The Ph.D. Program in History

at the Graduate Center of the City University of New York


GC/Morgan Library and Museum Graduate Fellowships (apps due 3/4)

The Early Research Initiative invites applications for two Morgan Library & Museum graduate fellowships (Summer 2022).  These $4,000 fellowships will be offered to Graduate Center Ph.D. students from any program with primary research interests related to the collections at the Morgan Library & Museum. The primary responsibilities of the award winners will be to collaborate with curators, librarians, and catalogers from the Morgan in order to gain experience in creating and organizing collections or exhibition planning, research, and design, processing uncatalogued collections, and improving public access to documents and related materials.

Application Deadline: Friday, March 4, 2022, 3pm

Applicants are invited to take one of the following approaches:

(1) Apply to conduct one of the specific projects detailed below. This year the Morgan offers CUNY Fellowships in the following areas: a. musical compositions by Debussy, Ravel, Stravinsky, and others working in Paris during the Belle Époque; b. the drawings and collages of John Ashbery and friends; c. works of Nina Katchadourian; d. drawing albums and sketchbooks from old masters and e. the legacy of Belle da Costa Greene


  1. Music, Dance, Design: Ballet and Modernism in the Early 20th Century (Department of Music Manuscripts and Printed Music)

From the Ballets Russes’ stunning first season in 1909, dance took a surprise leading role in ushering in modernism and moving beyond the juggernaut that Wagner’s legacy represented. The Robert Owen Lehman Collection, held on deposit at the Morgan, holds autograph manuscripts for many iconic Ballets Russes scores including Stravinsky’s Firebird, Petrouchka, and Les Noces, Debussy’s Prélude à l’après-midi d’un faune, and other major dance works beyond the Ballets Russes including Ravel’s Bolero and La Valse. This project seeks a candidate to research these manuscripts and associated drawings and dance notation, and the creators who brought the ballets to life with a particular focus on performer and impresario Ida Rubinstein and dancer and choreographer Bronislava Nijinska. The candidate will work closely with the curator researching primary sources, drafting text for the exhibition, planning programming, and so on. The candidate should read music and have broad familiarity with Western music history, though expertise in this specific era is not required.

  1. John Ashbery and Friends Exhibition Project (Modern and Contemporary Drawings)

The department of Modern and Contemporary Drawings is planning an exhibition of works from the personal collection of American poet, artist, and critic John Ashbery (1927-2017). Acquired in 2019 and 2022, the collection comprises twenty-four drawings and collages spanning seventy years and representing eighteen artists, including Ashbery himself. The collection reflects his life in art with friends such as Joe Brainard, Niki de Saint Phalle, Susan Frecon, Jane Freilicher, Red Grooms, R.B. Kitaj, Jean Hélion, Philip Pearlstein, Fairfield Porter, Larry Rivers, and Jean Tinguely. This extraordinary group of visual works, including a number of portraits of Ashbery, exemplifies the Morgan’s commitment to explore the creative processes of artists across a range of mediums. Working with members of the department, the candidate will conduct research on works in the collection, focusing on biographical and artistic connections. Additionally, the candidate will assist in identifying related works in the Morgan’s departments of Printed Books and Literary and Historical Manuscripts. Students in the departments of English and Art History are encouraged to apply.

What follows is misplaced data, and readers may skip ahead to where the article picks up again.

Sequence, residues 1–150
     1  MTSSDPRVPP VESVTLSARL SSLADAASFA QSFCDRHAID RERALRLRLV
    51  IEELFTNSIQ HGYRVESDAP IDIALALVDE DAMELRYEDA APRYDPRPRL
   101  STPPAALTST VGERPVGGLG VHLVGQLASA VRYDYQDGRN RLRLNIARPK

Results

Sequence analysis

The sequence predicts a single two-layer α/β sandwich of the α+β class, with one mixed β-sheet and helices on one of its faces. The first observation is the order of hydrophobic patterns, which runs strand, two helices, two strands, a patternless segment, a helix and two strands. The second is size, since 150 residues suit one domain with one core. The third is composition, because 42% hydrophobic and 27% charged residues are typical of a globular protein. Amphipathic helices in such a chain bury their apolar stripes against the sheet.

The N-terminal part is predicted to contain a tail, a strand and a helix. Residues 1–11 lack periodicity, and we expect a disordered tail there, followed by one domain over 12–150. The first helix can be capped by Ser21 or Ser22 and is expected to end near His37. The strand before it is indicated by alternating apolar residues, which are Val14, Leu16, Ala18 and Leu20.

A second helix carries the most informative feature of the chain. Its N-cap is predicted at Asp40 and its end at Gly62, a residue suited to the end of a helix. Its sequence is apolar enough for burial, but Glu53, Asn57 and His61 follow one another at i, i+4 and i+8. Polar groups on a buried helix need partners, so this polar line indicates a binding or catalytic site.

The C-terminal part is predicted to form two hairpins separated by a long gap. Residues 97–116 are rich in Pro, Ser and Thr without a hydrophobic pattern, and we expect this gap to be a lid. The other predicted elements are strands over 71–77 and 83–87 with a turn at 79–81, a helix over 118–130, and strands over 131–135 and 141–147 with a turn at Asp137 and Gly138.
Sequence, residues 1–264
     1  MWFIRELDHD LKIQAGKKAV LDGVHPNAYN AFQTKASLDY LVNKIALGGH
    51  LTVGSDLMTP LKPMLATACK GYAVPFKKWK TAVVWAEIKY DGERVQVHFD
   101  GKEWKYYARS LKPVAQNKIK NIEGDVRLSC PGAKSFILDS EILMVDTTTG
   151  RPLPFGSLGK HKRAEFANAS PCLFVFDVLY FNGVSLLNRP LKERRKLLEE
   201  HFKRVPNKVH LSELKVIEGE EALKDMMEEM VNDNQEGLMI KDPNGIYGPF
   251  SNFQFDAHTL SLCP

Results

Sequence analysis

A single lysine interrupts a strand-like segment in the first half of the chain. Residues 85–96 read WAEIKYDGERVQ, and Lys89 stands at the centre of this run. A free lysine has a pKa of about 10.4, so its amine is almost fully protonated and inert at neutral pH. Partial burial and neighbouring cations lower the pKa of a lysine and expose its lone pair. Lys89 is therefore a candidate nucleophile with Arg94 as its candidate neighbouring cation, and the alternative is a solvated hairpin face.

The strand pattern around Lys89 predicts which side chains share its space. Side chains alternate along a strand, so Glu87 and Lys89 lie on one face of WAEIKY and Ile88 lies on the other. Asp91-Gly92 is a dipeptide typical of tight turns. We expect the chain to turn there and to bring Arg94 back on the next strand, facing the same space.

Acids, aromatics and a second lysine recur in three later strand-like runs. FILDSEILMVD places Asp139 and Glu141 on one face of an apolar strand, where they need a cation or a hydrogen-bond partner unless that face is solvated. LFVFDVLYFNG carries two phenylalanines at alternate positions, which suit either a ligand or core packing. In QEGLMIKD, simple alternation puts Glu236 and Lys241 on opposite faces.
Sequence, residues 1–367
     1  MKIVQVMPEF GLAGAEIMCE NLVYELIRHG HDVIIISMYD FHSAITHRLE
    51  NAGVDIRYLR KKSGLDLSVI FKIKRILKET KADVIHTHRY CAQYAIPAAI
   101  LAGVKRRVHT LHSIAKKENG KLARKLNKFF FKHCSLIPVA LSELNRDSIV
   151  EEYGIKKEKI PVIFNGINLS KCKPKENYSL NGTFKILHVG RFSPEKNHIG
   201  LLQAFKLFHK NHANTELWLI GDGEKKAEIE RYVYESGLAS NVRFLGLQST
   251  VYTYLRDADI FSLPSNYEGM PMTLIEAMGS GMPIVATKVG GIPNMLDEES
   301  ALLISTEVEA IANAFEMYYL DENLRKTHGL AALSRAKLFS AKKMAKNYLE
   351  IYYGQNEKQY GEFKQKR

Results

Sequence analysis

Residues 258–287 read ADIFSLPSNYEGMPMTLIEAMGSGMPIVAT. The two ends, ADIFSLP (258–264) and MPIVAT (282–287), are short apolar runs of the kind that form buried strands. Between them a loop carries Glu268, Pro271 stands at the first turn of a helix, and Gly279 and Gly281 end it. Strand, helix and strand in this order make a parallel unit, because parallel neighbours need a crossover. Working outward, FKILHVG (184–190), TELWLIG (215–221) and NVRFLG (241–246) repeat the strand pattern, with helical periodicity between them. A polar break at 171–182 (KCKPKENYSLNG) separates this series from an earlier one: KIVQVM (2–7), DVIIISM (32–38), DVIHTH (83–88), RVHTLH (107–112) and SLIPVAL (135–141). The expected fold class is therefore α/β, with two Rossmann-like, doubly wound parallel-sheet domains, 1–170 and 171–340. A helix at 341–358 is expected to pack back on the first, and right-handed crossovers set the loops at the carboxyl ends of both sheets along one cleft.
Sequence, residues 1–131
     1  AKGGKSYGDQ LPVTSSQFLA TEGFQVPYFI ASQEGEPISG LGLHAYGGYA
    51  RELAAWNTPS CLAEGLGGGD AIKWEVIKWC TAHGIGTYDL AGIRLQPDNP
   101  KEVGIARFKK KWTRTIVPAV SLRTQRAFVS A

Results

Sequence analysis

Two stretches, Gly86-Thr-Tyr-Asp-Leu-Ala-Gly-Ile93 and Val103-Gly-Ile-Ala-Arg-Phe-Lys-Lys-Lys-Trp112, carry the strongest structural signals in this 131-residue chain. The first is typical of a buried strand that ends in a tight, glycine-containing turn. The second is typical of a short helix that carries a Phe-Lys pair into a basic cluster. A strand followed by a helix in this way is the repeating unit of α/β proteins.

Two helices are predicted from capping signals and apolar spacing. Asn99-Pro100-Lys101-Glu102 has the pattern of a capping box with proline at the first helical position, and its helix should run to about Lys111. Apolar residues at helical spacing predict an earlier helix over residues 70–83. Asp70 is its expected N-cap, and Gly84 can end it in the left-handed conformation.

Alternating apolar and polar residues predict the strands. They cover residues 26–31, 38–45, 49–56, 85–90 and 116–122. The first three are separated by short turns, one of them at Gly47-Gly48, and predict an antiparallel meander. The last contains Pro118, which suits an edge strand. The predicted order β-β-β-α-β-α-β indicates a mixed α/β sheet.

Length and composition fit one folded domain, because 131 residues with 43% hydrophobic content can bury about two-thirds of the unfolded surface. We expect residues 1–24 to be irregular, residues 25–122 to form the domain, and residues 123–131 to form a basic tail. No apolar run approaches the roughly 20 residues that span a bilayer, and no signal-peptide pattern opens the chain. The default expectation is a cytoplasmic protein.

1. Nina Katchadourian Exhibition Project (Department of Photography)

In spring 2023, as part of an ongoing series of contemporary artist projects, the department of Photography will mount an exhibition in which Nina Katchadourian (b. 1968) combines her work with objects drawn from all areas of the Morgan’s holdings. Katchadourian’s interdisciplinary approach leads her into farflung, unexpected fields of learning and craft. The Fellow’s research, conducted at the direction of the artist and the curator, will reflect the great range and variety of both the collections and Katchadourian’s interests and practices.

  1. Drawing Albums and Sketchbooks before 1900 (Department of Drawings and Prints)

The Morgan’s Department of Drawings and Prints holds a rich collection of artist albums and sketchbooks from the period before 1900. This project seeks a candidate to catalog and research one or more albums (French, British, or German—depending on the candidate’s area of expertise), prepare the volume or volumes for publication as digital facsimiles on the Morgan’s website, and draft extended introductory texts to accompany them. Among the sketchbooks that might be studied are examples by Joshua Reynolds, Edgar Degas, or John Ruskin, though a search of the Morgan’s CORSAIR catalog will reveal other possibilities. Candidates with questions regarding the project can contact

  1. Belle da Costa Greene: Research and Access Projects in the Morgan Archives (Department of Literary and Historical Manuscripts)